CMS Proposes to further strengthen oversight of Accrediting Organizations
Proposed rule will increase transparency of changes of ownerships to safeguard patient safety
The Centers for Medicare & Medicaid Services (CMS) today announced a proposed rule that would assure continued quality and safety in healthcare facilities by requiring greater transparency when ownership changes occur at Accrediting Organizations (AOs). The proposed rule establishes a specific process AOs with Medicare-approved accreditation programs must follow if there is a sale, transfer, and/or purchase of assets related to the ownership of an AO, in order to ensure the ongoing effectiveness of approved accreditation programs. Today’s proposal builds on recent work by the agency to strengthen the oversight of AOs and enhance transparency of AO performance.
“Accrediting Organizations are an important partner in our oversight of healthcare facilities across the country,” said CMS Administrator Seema Verma. “Today we are reinforcing our commitment to patient safety by proposing policy that would require Accrediting Organizations to notify CMS when the organization makes a change in ownership. This rule builds on earlier steps we’ve take to strengthen federal oversight of Accrediting Organizations and ensure patients are receiving high quality, safe care at our nation’s healthcare facilities.”
CMS is responsible for providing continued oversight of AOs’ Medicare accreditation programs to ensure that providers or suppliers accredited by each AO meet the required quality and patient safety standards. CMS grants AOs “deeming authority,” which means that AOs are allowed to affirm that a facility’s health and safety standards meet or exceed those of Medicare. Only facilities and suppliers that have been deemed by state or AO surveyors to meet CMS’ standards may receive payments from Medicare.
Current CMS regulations governing AOs do not require them to provide CMS advanced notice of pending changes of ownership. CMS is first notified of an AO ownership change when an AO, under new leadership, applies for renewal of its agreement to CMS or it voluntarily notifies the agency.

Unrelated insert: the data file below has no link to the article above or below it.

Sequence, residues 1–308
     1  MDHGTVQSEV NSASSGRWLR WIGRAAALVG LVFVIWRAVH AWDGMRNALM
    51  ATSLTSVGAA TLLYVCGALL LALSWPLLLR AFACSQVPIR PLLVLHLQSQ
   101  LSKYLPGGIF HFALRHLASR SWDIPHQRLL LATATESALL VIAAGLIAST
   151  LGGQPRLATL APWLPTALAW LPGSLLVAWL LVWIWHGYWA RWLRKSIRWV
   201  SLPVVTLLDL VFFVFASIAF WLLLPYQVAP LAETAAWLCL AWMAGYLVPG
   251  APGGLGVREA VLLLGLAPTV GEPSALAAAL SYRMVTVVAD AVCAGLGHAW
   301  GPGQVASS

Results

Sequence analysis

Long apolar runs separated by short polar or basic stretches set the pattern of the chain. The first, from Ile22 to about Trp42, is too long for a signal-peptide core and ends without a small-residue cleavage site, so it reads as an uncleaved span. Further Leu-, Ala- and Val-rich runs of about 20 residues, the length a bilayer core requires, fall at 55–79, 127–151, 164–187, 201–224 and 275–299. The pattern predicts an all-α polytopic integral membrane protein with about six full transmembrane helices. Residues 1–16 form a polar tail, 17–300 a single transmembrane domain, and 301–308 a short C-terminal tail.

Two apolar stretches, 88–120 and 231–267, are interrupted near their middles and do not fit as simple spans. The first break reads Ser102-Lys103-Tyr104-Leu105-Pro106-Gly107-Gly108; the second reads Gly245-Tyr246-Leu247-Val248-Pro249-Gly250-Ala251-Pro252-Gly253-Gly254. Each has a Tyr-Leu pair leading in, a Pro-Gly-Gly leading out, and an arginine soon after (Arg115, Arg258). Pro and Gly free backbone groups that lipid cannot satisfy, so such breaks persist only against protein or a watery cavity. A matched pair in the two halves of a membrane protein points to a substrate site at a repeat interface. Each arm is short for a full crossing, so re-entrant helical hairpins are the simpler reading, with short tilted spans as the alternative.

This proposal would require AOs to notify CMS when they are contemplating or negotiating a change of ownership. CMS would also require prospective new owners to submit documentation and information confirming their ability to effectively perform the required accreditation tasks after the change of ownership takes place. CMS’s proposal does not impede the actual sale of an AO, but instead gives CMS the ability to approve or deny the accreditation programs that are to be transferred as part of the sale or transfer.
Today’s proposal is only the latest in a series of actions CMS has taken to improve its oversight of AOs. In 2018, CMS announced it would begin posting AO performance data online and also began a more streamlined, efficient way to assess AOs’ ability to ensure that facilities and suppliers comply with CMS requirements. The agency also issued a Request for Information (RFI) seeking comment on the financial relationships between CMS-approved AOs and the healthcare facilities they review and monitor. As part of this process, CMS will determine whether revisions should be made to the AO application and renewal process to identify actual, potential, or perceived conflicts of interest.
If finalized, this rule would give CMS the ability to conduct better oversight through increased transparency of the ongoing effectiveness of approved accreditation programs that may undergo a change of ownership, thereby minimizing any potential risks to patient safety and further building on the agency’s commitment to patient safety and accountability.
To view the proposed rule (CMS-3368-P), please visit: https://www.federalregister.gov/documents/2019/05/02/2019-08939/medicare-program-accrediting-organizations---changes-to-change-of-ownership